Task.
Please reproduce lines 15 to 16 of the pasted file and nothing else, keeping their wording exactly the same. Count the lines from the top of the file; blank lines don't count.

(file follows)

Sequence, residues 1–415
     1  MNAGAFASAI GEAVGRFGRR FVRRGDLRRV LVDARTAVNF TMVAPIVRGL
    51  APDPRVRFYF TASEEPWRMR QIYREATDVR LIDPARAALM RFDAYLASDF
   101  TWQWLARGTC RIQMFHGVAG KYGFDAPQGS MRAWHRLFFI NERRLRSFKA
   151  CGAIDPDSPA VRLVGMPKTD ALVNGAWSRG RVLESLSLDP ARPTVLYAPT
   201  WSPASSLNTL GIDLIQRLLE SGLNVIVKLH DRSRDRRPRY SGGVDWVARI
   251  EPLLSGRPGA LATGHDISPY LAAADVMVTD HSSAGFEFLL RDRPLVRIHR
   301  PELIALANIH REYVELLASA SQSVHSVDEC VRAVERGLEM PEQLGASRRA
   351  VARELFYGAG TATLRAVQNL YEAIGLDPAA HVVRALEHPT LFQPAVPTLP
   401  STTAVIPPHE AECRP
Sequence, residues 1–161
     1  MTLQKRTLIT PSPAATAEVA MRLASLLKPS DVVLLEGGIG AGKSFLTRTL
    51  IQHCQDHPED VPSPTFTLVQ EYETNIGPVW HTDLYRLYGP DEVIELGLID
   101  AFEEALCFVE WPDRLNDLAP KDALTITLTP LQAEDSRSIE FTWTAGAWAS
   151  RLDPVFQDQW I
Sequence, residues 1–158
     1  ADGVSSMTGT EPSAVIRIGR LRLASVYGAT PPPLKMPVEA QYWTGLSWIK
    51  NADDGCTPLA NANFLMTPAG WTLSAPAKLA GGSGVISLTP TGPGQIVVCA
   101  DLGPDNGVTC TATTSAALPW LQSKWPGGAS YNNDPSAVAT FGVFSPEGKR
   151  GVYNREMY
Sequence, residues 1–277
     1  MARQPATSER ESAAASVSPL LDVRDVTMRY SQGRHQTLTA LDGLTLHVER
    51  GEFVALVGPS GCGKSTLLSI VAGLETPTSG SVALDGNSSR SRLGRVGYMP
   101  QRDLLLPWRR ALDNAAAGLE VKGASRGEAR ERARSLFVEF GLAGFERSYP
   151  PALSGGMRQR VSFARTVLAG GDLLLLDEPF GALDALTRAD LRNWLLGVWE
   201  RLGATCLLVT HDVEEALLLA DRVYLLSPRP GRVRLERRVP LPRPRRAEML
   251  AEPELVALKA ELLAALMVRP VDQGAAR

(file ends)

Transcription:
   151  RLDPVFQDQW I
Sequence, residues 1–158